The Kognitio SQL implementation allows the use of aliases for tables and column names. Both can take AS before the alias name.

Table Aliases

Table aliases are used in queries as SQL identifiers in order to ease typing, especially when accessing more than one table:

SELECT A.col1,
FROM table_A A,
     table_B B
WHERE A.col1 = B.col1

Here, table_A is referred to just by the alias A, and table_B by the alias B. Aliases follow the same naming conventions as columns, so they must start with a letter, but can contain digits and the underscore character. Reserved words are not permitted for alias names.

The Kognitio training data is used in the examples below.

Example 1: Table Name Aliases

Consider the following query:

SELECT p.p_partkey,
FROM part p,
     supplier s,
     partsupp ps
WHERE p.p_partkey = ps.ps_partkey
AND s.s_suppkey = ps.ps_suppkey

Here, including the alias in the select_list is optional, as the columns have distinct names. However, if the tables were defined so that the supplier and part tables each had a column called “name” (without the s and p to distinguish them), it would be essential to include the table name as an identifier to avoid ambiguity.

Example 2: Using Aliases in a Self-Join

This example finds the cheapest part from each supplier in the partsupp table using a self-join. In this case table aliases are required to allow us to individually identify the two copies of the table:

SELECT a.ps_partkey AS part,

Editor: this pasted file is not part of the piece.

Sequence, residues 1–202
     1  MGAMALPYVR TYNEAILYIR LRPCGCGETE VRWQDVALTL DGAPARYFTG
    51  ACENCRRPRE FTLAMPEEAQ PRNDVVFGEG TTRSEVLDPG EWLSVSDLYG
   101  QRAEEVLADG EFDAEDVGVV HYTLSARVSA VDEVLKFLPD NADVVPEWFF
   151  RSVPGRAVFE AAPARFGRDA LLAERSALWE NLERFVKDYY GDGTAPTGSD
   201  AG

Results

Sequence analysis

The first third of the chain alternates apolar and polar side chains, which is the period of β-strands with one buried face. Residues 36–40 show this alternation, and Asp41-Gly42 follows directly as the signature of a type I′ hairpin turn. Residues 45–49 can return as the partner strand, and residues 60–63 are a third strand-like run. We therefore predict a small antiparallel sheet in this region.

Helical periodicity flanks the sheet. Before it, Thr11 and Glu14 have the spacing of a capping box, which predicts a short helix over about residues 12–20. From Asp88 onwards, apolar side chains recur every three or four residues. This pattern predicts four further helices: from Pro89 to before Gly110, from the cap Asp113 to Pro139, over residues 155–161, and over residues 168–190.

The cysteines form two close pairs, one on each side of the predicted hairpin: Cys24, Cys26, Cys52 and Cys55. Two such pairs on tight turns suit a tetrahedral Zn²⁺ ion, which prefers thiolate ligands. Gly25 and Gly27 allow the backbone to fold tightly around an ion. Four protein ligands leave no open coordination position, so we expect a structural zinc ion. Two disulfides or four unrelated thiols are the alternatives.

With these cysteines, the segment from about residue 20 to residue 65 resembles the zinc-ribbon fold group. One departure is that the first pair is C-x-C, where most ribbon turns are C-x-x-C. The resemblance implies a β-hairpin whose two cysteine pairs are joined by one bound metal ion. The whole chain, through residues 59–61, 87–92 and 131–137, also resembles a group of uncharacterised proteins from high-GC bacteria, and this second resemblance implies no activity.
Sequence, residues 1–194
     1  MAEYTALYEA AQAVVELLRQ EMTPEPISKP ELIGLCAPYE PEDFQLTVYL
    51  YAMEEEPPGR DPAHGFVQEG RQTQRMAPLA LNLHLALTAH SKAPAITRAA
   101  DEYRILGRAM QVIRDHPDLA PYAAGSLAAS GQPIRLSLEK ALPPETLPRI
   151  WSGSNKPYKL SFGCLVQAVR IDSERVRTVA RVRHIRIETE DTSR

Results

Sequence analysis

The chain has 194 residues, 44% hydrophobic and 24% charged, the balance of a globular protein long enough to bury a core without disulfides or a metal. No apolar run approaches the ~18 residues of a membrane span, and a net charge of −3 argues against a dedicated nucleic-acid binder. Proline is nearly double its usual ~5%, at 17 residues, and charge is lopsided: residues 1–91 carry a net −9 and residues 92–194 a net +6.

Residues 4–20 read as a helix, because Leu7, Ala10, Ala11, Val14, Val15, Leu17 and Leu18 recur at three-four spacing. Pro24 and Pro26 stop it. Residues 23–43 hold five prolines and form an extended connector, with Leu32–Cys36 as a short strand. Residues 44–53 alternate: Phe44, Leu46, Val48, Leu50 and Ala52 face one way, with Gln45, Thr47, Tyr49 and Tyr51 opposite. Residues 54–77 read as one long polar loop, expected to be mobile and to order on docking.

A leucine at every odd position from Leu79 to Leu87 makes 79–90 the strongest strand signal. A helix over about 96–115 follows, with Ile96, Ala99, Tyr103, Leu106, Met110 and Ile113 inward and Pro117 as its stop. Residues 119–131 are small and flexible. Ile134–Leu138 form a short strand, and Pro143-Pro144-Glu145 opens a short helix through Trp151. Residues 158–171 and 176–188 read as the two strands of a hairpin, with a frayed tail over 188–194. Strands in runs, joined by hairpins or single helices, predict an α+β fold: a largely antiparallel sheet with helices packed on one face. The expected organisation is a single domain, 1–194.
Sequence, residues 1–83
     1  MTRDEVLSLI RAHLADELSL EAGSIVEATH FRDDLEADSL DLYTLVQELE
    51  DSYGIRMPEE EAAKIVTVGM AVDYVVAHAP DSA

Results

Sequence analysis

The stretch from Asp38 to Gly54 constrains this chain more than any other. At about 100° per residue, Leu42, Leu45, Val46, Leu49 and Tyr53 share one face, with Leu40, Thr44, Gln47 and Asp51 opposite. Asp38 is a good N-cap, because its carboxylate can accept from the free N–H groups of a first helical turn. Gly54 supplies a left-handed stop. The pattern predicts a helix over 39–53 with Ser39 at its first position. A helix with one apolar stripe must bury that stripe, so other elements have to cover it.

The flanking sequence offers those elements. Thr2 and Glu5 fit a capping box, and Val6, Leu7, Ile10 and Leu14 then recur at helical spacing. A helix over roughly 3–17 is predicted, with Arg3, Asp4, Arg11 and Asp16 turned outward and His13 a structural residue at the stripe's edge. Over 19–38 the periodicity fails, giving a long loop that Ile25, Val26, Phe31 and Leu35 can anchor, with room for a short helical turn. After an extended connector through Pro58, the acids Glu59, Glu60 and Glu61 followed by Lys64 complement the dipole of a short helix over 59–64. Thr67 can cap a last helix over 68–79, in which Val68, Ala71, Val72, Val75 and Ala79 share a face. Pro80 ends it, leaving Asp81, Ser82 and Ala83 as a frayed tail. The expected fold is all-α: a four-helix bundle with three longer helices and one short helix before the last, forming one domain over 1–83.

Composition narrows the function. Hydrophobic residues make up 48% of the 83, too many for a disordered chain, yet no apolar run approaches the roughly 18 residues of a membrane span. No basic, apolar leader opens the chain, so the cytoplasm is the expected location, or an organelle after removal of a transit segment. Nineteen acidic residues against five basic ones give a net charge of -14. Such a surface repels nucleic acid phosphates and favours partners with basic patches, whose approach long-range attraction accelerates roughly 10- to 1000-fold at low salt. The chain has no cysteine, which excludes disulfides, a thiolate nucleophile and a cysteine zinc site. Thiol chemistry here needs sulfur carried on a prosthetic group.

a.ps_suppkey AS supplier,
       a.ps_supplycost AS cost
FROM partsupp AS a, partsupp AS b
WHERE a.ps_suppkey = b.ps_suppkey
AND a.ps_supplycost >= b.ps_supplycost
GROUP BY 1, 2, 3
ORDER BY 1, 2, 3

Column Aliases

In a SELECT statement, you either select column references or expressions. Columns have names but expressions don’t, so you can use an AS clause to

  • Label an expression

  • Re-label a column.

A few important things to remember:

  • The name given in the AS clause overrides any name the item may have had previously

  • In an AS clause, you cannot use a name that has already been used in a SELECT

  • If you use a name that is identical to a column name as an AS variable and then reference it later in the query, it is resolved in favor of the column name. This can cause confusion and should be avoided. See example below

  • An alias can be used in an ORDER BY clause

  • An alias CANNOT be used in a WHERE, GROUP BY or HAVING clause

  • You can actually omit the word AS in an AS clause.

Example 1: Labelling Simple Expressions

You can use a simple expression to calculate a discounted price, based on the retail price for all items in the part table, then use an AS clause to label the new column:

SELECT p_partkey,
       (p_retailprice * 0.95) AS discount_price
FROM part

Example 2: Labeling the Result Column for CASE

This example displays the order numbers, date of order, order priority, and a column labeled ShipBy, which determines when the order should be delivered based on the order priority:

SELECT o_orderkey,
       CASE LOWER(o_orderpriority)
           WHEN 'high' THEN o_orderdate + INTERVAL '1' DAY
           WHEN 'med' THEN o_orderdate + INTERVAL '7' DAY
           WHEN 'low' THEN o_orderdate + INTERVAL '1' MONTH
       END AS ShipBy
FROM ordertab
ORDER BY o_orderkey

Example 3: Confusion when Alias Names Duplicate Column Names

Neither ANSI ‘89 nor SQL92 have firm rules about naming columns in the AS clauses. So, the following is a confusing, but legal statement, even though it uses ps_partkey and ps_suppkey as aliases when both are also column names:

SELECT a.ps_partkey AS ps_suppkey,
       a.ps_suppkey AS ps_partkey,
FROM partsupp AS a

Needless to say this sort of aliasing leads to confusion and should be avoided at all costs.